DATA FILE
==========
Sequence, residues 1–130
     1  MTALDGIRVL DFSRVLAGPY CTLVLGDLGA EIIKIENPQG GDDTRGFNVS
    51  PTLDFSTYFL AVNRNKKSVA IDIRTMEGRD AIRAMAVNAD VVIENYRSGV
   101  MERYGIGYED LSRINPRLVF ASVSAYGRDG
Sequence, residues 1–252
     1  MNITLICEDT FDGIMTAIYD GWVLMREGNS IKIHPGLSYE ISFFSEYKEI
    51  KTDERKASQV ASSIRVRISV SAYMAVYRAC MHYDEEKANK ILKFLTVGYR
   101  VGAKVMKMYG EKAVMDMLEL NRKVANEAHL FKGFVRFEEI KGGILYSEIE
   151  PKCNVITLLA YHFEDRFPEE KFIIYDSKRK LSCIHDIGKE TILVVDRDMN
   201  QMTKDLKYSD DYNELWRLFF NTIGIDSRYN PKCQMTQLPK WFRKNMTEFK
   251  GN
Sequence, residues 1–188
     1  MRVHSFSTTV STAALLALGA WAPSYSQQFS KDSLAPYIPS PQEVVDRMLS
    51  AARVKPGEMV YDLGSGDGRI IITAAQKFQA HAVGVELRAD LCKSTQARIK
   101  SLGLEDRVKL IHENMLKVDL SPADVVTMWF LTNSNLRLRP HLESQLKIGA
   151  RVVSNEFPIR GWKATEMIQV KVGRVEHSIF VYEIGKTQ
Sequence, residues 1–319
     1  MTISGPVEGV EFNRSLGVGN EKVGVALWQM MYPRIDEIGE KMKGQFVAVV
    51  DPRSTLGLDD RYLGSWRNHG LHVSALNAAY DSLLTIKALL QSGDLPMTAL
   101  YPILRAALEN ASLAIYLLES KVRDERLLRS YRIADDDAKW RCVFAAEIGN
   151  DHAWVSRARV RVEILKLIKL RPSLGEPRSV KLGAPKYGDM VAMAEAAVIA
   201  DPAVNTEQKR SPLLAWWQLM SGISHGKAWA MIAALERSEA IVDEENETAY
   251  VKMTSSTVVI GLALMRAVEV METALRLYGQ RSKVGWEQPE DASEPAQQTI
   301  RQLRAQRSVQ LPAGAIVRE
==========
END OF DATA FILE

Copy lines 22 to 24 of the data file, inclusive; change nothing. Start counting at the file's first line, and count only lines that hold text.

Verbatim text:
   201  DPAVNTEQKR SPLLAWWQLM SGISHGKAWA MIAALERSEA IVDEENETAY
   251  VKMTSSTVVI GLALMRAVEV METALRLYGQ RSKVGWEQPE DASEPAQQTI
   301  RQLRAQRSVQ LPAGAIVRE